Psychology

What happens when Psychology Professionals Psychological Mind Tricks Family



Tweet
Ted Sherman's image for:
"What happens when Psychology Professionals Psychological Mind Tricks Family"
Caption: 
Location: 
Image by: 
©  

Of course, all parents use mind tricks to get kids to behave and do other positive actions. Do you think B.F. Skinner ever came up to his kids' rooms at night and read them stories or give them candy to get them to sleep? Did Sigmund Freud ever tell his crying kid (or was it id?) to stretch out on the couch, calm down and tell Dad all of her troubles?

If this title question implies that psychiatrists and psychologists deliberately do something abusive, inappropriate or unprofessional to family members, that certainly is an ethical violation, or in the extreme, possibly a criminal one. The normal relationships among family members, even if one is a psychology professional, involve many, day-by-day attempts to get into each other's minds. It is a vital part of the human condition, and is not necessarily a negative influence.

For example, from an early age, sometimes too early, parents begin toilet training their kids. Whatever method, harsh or benign, the kids eventually learn by praise, reinforcement and personal comfort. Various training continues at home throughout every child's life. If it involves loving and considerate help from a learned professional, it is usually to the child's great benefit.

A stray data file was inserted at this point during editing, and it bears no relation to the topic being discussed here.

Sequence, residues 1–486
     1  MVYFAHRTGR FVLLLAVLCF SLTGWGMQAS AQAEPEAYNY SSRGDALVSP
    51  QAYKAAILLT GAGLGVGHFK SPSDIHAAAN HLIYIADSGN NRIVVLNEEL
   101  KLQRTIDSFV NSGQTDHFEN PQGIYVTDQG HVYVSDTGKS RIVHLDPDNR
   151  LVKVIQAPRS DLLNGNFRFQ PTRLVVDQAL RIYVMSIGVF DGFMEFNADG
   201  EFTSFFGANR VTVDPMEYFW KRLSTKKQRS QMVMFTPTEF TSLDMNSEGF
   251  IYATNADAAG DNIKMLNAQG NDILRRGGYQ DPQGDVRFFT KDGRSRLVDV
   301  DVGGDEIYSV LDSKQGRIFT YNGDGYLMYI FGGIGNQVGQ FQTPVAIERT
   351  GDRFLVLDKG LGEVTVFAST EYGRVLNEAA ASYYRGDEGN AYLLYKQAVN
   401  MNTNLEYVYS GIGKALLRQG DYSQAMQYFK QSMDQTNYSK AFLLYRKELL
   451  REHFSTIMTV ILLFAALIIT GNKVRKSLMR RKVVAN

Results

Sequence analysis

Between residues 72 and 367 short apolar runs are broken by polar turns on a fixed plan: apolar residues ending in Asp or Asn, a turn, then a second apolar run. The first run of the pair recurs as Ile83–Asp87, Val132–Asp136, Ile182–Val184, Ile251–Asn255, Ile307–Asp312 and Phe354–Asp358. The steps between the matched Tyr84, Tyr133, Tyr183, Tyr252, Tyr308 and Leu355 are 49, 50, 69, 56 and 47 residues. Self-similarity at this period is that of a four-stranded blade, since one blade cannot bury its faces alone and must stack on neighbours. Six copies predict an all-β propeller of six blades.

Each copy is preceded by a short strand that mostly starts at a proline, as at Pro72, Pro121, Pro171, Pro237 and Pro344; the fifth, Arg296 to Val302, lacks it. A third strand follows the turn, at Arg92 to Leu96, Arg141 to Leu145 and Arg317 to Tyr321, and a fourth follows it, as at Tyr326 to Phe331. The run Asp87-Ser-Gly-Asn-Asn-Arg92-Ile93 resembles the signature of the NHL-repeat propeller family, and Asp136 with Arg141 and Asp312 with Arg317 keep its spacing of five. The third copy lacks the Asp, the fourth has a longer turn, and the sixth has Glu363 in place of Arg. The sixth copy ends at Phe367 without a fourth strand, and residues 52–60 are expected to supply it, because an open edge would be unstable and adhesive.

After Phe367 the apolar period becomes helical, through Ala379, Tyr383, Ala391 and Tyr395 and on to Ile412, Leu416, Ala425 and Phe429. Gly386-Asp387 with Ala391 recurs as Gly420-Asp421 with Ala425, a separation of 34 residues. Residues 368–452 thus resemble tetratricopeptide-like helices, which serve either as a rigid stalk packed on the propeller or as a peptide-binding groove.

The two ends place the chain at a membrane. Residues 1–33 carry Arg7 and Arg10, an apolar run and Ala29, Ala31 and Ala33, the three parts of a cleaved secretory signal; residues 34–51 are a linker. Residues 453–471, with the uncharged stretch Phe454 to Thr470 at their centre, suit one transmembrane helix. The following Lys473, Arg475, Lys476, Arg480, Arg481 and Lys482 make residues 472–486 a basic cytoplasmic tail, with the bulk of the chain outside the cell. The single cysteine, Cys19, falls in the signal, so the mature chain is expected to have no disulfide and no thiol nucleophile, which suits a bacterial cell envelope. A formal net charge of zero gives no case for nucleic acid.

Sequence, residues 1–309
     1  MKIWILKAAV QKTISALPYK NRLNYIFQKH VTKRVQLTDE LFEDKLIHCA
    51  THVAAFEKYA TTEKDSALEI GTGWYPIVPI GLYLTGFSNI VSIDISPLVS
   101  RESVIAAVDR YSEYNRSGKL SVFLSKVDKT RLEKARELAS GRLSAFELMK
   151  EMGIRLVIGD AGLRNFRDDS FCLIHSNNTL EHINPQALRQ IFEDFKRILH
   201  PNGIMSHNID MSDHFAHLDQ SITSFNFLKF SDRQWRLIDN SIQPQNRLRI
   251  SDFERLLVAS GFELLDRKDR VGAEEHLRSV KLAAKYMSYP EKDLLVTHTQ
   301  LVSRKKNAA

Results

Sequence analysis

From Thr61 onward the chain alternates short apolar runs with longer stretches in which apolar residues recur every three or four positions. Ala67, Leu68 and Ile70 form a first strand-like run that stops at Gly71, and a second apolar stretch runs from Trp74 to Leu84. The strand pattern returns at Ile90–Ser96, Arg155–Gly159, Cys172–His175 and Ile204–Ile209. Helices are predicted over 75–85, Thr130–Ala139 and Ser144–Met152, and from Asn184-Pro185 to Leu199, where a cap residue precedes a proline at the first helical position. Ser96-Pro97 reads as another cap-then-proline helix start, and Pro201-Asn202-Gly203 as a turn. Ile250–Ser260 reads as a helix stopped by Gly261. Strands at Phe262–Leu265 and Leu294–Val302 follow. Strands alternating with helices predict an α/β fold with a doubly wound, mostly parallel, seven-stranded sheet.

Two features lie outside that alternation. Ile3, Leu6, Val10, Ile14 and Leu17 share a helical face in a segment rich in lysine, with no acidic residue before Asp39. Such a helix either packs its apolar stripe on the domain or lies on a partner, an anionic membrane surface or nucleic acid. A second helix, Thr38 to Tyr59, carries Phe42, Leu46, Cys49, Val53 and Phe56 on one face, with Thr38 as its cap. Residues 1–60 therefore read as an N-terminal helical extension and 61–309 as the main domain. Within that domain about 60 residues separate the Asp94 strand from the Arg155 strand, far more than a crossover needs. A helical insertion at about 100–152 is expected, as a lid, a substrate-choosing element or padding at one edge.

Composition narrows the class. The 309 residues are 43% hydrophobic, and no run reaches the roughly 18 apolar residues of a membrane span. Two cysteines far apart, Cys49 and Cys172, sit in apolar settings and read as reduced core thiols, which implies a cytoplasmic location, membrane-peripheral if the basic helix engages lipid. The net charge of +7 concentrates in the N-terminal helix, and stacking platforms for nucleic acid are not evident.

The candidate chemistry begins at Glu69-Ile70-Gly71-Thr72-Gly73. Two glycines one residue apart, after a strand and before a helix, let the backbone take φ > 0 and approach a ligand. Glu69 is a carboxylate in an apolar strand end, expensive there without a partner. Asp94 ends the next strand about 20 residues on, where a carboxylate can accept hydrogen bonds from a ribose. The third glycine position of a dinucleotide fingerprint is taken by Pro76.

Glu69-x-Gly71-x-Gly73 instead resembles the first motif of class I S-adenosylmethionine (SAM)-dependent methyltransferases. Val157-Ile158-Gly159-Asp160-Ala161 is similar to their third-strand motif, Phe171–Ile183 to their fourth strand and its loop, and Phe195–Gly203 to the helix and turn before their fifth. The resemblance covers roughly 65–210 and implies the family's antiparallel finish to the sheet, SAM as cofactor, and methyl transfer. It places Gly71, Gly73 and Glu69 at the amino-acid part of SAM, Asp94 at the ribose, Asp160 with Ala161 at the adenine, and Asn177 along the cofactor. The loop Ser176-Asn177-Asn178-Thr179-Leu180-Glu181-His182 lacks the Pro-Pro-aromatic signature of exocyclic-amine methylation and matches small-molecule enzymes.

I don't know if the analogy fits, but my life's work was in professional writing. Because of it, I applied heavy emphasis on my kids from an early age to master the English language. Both were speaking clearly at one year and were reading on a second-grade level at age four. We had an evening meal ritual where each family member related his/her activities of the day, and from their ages four until they left home for college, our kids read selections of their own choice aloud for 15 minutes each night from books or the daily newspapers.

Was this putting heavy emphasis on my own professional skills to impose them on my two kids? You betcha. One now manages music concerts and produces CDs and DVDs, while the other is a writer-producer on a major network TV program. If I played mind games on my kids, I confess to the crime.

Tweet
More about this author: Ted Sherman

From Around the Web




ARTICLE SOURCES AND CITATIONS